In addition, we will have to make sure that we follow HIPAA rules, that we get consent from our patients to explore this data which could also be one of the challenges in the clinical labs as well. Dr. Alan Wu from the University of California, San Francisco, has been using high-resolution accurate mass spec instruments in the field of toxicology for the patients who were coming to the emergency department. As newer and newer drugs of abuse were coming to the market, it was necessary to detect those drugs in an untargeted high-resolution instrument so that physicians could help these patients even though we don’t have the validated methods for these new drugs on the market. But the challenge for him for legal reasons would be that we cannot synthesize this compound very quickly, and because we don’t have good calibrators and good controls, and that may not stand in the court. So currently, the cost of the high-resolution instrument is also very high compared to the triple-quad, but these prices may come lower as we follow the field.

Bob Barrett:
Doctor, when describing your method, you specifically discussed how you optimize the hydrolysis conditions. Why is this an important consideration in the analysis of urinary steroids?

Ravinder Singh:
Steroids like cortisol and testosterone are very potent hormones for human body to have their effect on a timely basis. They do have short half lives. They are inactivated by various enzymes, and they are cleared from the human circulation and excreted in the urine. Before excretion, hydrophobic steroids are converted into hydrophilic water- soluble glucolytes and sulfates. Direct measurement of this steroid conjugate is very complex than the unconjugated steroids, so labs have to perform the hydrolysis of these conjugates.

It is essential for the assays that the hydrolysis of this urine sample is complete before we do this analysis on the mass spec. Hydrolysis converts these conjugate steroids back to the unconjugated steroids simplifying mass spectrometry analysis. In our study, we compared the hydrolysis between acid and the enzymatic hydrolysis, and the enzyme we used is called Glusulase which has both glucuronidase and sulfatase activities.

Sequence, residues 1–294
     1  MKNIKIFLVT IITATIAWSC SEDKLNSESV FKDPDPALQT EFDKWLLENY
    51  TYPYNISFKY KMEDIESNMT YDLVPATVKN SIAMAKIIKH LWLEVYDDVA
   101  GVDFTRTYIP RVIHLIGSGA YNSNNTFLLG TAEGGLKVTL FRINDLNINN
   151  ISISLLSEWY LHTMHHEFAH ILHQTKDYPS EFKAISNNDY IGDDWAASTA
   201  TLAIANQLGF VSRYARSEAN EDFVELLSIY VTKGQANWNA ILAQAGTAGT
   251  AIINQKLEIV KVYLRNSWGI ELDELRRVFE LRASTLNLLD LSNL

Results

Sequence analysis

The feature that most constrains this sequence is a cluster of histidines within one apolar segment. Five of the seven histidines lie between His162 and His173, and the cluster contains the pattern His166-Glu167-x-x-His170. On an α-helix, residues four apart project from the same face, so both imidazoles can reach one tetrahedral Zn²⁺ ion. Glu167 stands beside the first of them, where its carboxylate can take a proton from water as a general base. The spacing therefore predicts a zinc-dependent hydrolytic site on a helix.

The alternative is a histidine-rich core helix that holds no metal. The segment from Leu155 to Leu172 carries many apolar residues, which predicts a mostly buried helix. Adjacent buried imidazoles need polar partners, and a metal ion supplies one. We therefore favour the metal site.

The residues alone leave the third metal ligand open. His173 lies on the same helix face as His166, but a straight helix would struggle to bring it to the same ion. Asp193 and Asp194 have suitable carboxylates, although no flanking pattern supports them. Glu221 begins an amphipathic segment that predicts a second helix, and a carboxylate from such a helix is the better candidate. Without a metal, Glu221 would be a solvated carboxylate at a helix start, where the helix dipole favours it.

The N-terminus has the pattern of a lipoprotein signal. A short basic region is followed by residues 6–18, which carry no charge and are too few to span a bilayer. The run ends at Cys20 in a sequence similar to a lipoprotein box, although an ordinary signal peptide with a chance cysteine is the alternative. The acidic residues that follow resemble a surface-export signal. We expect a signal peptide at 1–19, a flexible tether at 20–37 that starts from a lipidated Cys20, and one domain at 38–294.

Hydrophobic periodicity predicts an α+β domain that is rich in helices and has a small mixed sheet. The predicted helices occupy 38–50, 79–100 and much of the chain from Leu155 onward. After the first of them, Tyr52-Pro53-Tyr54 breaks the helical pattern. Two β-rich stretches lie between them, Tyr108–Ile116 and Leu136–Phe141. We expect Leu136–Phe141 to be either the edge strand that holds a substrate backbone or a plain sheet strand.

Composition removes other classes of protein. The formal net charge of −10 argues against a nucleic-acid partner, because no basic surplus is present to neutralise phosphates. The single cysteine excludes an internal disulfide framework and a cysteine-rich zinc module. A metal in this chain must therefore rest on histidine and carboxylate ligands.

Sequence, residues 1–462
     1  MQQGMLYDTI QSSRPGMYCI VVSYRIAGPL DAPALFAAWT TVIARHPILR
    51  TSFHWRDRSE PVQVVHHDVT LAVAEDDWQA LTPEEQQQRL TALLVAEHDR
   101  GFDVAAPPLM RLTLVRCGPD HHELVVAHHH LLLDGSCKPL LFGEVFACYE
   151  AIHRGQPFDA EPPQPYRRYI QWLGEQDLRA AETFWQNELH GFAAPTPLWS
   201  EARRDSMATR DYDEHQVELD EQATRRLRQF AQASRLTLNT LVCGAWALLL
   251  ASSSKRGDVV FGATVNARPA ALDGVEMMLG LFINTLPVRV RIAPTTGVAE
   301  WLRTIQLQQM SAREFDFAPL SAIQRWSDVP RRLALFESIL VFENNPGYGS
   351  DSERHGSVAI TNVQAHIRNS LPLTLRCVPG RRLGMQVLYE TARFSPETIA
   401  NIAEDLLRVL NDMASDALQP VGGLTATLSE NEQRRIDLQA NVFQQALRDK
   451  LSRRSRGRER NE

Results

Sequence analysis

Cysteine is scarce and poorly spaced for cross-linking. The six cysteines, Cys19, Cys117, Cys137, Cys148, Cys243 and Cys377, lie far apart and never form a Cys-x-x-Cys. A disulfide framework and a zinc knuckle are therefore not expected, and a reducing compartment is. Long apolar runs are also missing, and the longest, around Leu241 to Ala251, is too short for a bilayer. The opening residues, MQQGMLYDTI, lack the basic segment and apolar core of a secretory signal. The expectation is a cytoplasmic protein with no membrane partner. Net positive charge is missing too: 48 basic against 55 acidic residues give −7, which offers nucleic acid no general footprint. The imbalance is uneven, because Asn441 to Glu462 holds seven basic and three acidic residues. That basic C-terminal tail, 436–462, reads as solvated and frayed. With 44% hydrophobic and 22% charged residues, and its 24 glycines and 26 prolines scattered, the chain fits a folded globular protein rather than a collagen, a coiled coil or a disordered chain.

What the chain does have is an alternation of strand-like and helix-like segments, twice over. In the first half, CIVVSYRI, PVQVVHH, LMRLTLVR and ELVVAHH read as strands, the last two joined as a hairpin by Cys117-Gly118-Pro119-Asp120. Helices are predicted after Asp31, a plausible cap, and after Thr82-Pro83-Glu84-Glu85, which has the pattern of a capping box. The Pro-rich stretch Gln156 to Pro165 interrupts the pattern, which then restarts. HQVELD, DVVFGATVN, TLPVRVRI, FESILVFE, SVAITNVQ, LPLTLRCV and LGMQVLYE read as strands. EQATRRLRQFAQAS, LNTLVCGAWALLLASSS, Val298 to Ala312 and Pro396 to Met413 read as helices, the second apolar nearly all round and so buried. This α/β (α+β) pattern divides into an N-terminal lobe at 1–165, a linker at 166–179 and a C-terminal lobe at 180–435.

What we found out was that enzyme hydrolysis gave us better yield of unconjugated steroids compared to the acid hydrolysis. In which case, we found out that some steroids even degraded and we couldn’t see any signal. So in short, we take 150 microliters of thawed urine. We add 50 microliters of internal standard. Sample is vortex-mixed and we let it sit for 10 minutes, then we add 50 microliters of 3 monosodium acetate buffer of pH 5.2, then we add 10 microliters of Glusulase enzyme to the tubes. We incubated it at 2 hours at 50 degrees centigrade, then we stop the reaction with 50 microliters of potassium carbonate.

As you can see, this is a very complicated and laborious recipe. In clinical labs, the precision of the test or our procedure is very important to make a positive impact for the patient care. In addition to that, our test needs to be sensitive and specific, but the precision of our recipe is really dependent upon the reagents we use. What we found out was this particular enzyme by the supplier when it was given to us, it had a lot of variability between lot to lot. So to answer your question, each lab would have to worry about the quality of the enzyme to optimize the hydrolysis, and it can be tricky, time consuming, very involved, and could be steroid dependent and the hydrolysis is also very highly temperature, and time, and pH dependent, and there is a possibility that one lot of Glusulase may hydrolyze one steroid better than the other steroids. So these are the some of the challenges, Bob.

Bob Barrett:
Okay. Well finally, doctor, do you think the future of steroid metabolomics involves a targeted or untargeted approach, or is there a role for both? And are there implications for research beyond the clinical utility?

Ravinder Singh:
This is a very complex question, Bob, and it reminds me that it’s almost like the example we use of chicken and egg, which came first? As you are well aware, that the next-gen sequencing has brought revolution to the medicine, instead of performing a single genetic mutation test, we now perform next-gen sequencing where we get the data for all the mutations in the patient’s DNA sample. And I strongly believe now that a similar effort has to be required in steroid metabolomics or rather, metabolomics of various compounds we test in the clinical chemistry area. Unfortunately, the amount of the effort and the investment made in metabolomics and proteomics has been a fraction of that which has been invested into next-gen sequencing.

The future medicine will require that we integrate all biochemical genetic testing information and use bioinformatics to get the most value of all the various lab tests we do on our patients, especially in the cancer population. In the past, we had a big separation between research and the clinical factors. Going forward, one will not survive without the other. We will have to work together to get the most benefit for our patient. So in summary, the steroid metabolomics is emerging as a powerful tool with significant potential for improving the management for the patients with adrenal tumors.

Bob Barrett:
Dr. Ravinder Singh is director of the Mayo Clinic Endocrine Laboratory. He has been our guest in this podcast from Clinical Chemistry. I'm Bob Barrett. Thanks for listening.